In the research field of document structure and lay-out analysis a distinction is commonly made between ‘geometrical layout’ and ‘logical content’; referring to specific visual regions on the page, and their content and/or functional label, and reading order. The logical structure can then be mapped to the relevant geometrical regions on the page, to achieve optimal analysis of the document image (Haralick 1994; Namboodiri & Jain 2007).
During the second phase of the project ‘The Legal transactions’ a formal semantic model was constructed based on the basic distinction between geometrical and logical representation, viz. digital image and semantic content respectively. The geometrical branch is subdivided in polygonal regions of interest (ROIs), which again break down into smaller nodes such a ‘ink’ and ‘background’. The logical branch describes the structure of semantic content in legal acts. By interlinking the relevant nodes the two branches using unique identifiers (idROIs), it becomes possible to cross-refer between manuscript page and content.
Several XML schemes for layout and content modeling exist; however, to date none of these standards is designed for handwritten text (Stehno, Egger, & Retti 2003; Bulacu, van Koert & Schomaker 2007). These formalisms are suitable for regular, printed text and rectangular elements. Due to the erratic nature of the page layout and line formation in medieval handwritten manuscripts a system of polygonal visual regions connected to the semantic model by unique identifier codes needs to be used for Monk, comparable to layout modeling tools such as TrueViz and GEDI.
None of these formalisms provide an easy solution for linkage between layout and the semantic level: such a connective layer needs to be developed for each particular document type. If it is elaborated in Web Ontology Language (OWL) or Resource Description Framework (RDF), the ‘aldermen’ semantic model can be used to train Monk to recognize the structural elements of acts and formulate hypotheses about their meaning. Conversely, the same model may assist in interactive teaching of humans as to where to locate the desired information in an act. The most exciting finding of this study was that superficial low-level ink patterns and glyphs can be used to infer clues about the semantic content, which in turn constrains the large number of possible text interpretations.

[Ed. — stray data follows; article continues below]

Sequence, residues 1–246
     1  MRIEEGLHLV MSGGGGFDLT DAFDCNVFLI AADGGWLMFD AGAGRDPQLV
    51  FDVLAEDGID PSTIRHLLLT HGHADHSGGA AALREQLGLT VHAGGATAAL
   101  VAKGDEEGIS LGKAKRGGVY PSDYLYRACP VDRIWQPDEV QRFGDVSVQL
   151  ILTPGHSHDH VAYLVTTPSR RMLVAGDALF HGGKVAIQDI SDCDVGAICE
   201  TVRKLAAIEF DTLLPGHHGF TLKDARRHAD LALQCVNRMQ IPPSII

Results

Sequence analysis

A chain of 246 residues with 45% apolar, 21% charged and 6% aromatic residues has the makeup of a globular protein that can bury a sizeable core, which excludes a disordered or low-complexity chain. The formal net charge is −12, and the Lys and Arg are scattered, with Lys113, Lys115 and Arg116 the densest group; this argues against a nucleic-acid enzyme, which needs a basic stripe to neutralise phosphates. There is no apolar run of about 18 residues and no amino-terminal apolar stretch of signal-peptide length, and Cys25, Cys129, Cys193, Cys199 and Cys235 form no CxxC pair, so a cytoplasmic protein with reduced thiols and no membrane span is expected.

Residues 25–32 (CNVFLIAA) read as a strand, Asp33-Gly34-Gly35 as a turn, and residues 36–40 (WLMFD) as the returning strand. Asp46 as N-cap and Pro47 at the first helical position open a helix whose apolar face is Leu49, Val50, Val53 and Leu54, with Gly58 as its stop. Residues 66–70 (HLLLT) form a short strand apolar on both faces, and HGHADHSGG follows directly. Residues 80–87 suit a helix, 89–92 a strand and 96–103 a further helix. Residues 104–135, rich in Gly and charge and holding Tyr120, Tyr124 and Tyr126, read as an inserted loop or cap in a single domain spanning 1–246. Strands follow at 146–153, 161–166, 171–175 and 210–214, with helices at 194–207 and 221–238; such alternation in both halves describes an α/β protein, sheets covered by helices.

As an example, a selection of the most basic logical components in the legal acts was made:
From a number of pages, 22 acts were manually analyzed in terms of the geometric distribution of element in the horizontal plane. Based on the relative geographical location of these semantic elements and their probability of occurrence in the plane, Monk may weigh his bottom-up hypotheses using a Bayesian model (see fig. 1). The small sample includes only the most basic semantic elements on the page; many more may be added to improve recognition accuracy.